The federal government's ability to work with state and local officials to respond to the devastation from Hurricane Harvey has been "remarkable," American Red Cross CEO Gail McGovern told CNBC on Thursday.
"The coordination has been very, very tight. I just deeply appreciate the help," McGovern said. "The coordination through this disaster with FEMA, with state government, with local government has been remarkable."
The Federal Emergency Management Agency under President Donald Trump's choice to lead it has been given high marks for its response to Harvey, in stark contrast to FEMA's initial mishandling of Hurricane Katrina relief in 2005 during the presidency of George W. Bush.
On Wednesday, Scott Cowen, the former president of Tulane University who had helped lead rebuilding efforts in New Orleans 12 years ago, told CNBC he thinks FEMA's preparedness is "better than it's ever been before."
The failures of FEMA in 2005 became apparent as then-President Bush, while touring Katrina destruction, infamously praised the then-administrator of the agency, Michael Brown. "Brownie, you're doing a heck of a job," Bush said at the time. Brown resigned shortly thereafter over what was viewed as a botched federal response to the disaster.
Brown, who spoke to CNBC on Tuesday, praised FEMA on Harvey — describing the current administrator, Brock Long, as a "great person to have in this position." Long, nominated to head FEMA in April by Trump, was confirmed in June. Trump on Tuesday visited Texas where Long has been leading the administration's response to the storm.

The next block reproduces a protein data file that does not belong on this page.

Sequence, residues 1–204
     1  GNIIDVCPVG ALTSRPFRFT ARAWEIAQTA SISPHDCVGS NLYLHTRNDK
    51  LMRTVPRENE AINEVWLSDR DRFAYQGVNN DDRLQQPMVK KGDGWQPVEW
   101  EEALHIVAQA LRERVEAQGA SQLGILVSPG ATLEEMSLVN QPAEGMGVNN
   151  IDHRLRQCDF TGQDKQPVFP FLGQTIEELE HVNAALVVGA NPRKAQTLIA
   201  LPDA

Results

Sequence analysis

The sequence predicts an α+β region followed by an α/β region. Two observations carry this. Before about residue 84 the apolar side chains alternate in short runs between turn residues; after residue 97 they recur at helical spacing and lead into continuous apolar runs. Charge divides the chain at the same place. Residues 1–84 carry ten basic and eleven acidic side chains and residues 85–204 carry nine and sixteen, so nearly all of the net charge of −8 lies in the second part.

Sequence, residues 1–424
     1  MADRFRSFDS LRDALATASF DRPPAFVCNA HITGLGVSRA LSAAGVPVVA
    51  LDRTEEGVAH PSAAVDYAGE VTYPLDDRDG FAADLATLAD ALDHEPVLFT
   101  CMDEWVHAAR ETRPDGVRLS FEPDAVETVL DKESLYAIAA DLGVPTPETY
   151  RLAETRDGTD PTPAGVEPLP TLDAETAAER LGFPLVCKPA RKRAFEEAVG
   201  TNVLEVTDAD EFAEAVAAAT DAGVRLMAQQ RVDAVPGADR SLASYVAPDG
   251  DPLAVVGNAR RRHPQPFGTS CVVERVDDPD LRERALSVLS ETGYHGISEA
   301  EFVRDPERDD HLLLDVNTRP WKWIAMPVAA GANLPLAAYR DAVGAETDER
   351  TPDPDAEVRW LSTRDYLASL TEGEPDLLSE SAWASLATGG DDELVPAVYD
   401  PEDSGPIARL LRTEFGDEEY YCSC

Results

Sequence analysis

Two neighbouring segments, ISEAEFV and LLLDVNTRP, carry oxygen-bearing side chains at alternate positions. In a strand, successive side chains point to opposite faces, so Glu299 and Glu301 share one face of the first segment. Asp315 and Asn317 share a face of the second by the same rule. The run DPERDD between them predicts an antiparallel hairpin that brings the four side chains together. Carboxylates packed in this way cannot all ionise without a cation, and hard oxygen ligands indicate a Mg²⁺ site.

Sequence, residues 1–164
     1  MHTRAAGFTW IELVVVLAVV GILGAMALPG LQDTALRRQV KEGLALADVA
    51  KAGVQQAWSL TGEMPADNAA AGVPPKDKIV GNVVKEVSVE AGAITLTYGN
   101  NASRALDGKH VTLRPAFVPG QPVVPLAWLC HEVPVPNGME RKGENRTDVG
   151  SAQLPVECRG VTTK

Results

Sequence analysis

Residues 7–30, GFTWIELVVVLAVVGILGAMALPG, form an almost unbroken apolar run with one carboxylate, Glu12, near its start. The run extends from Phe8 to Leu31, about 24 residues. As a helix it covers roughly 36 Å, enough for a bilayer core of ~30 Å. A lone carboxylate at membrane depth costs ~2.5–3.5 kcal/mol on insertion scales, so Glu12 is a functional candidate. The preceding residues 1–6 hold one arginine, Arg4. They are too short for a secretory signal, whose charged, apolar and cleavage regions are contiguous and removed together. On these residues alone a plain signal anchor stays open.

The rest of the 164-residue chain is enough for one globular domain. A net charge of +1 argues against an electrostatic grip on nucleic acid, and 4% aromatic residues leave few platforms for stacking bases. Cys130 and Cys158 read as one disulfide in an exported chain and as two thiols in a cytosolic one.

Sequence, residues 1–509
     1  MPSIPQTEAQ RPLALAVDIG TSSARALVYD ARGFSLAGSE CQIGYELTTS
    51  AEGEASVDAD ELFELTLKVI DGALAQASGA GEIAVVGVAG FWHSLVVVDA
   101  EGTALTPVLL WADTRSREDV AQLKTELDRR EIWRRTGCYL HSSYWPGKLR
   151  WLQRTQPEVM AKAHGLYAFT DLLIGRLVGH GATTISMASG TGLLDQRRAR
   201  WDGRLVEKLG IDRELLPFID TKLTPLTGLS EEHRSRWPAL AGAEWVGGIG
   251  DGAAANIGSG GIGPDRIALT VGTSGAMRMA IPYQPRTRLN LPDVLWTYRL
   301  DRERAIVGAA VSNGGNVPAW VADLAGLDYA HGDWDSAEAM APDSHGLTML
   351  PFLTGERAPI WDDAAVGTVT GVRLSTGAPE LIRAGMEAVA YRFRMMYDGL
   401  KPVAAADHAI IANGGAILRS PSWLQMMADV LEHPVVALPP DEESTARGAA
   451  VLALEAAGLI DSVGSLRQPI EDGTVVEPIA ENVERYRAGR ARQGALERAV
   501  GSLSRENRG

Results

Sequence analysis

McGovern, who's led the Red Cross since 2008, said that daily conference calls between federal, state and local officials have helped keep Harvey relief efforts on the same page.
"We explained we couldn't get our volunteers and cots through. And the next thing I knew, we had 20 high-water vehicles from the Department of Defense to help us out," she said.
McGovern is also making an appeal for blood donations. Blood stores being used to treat Harvey victims will lead to a decrease in the nation's overall blood supply, she said.
During her tenure with the organization, McGovern oversaw lifesaving services in the wake of several tragedies in the U.S. and around the world, including the Haiti earthquake in 2010, the Japan earthquake and tsunami in 2011, and superstorm Sandy in 2012.
McGovern came to the American Red Cross by way of the corporate world, having held executive positions with AT&T's residential long-distance service division and Fidelity Investments.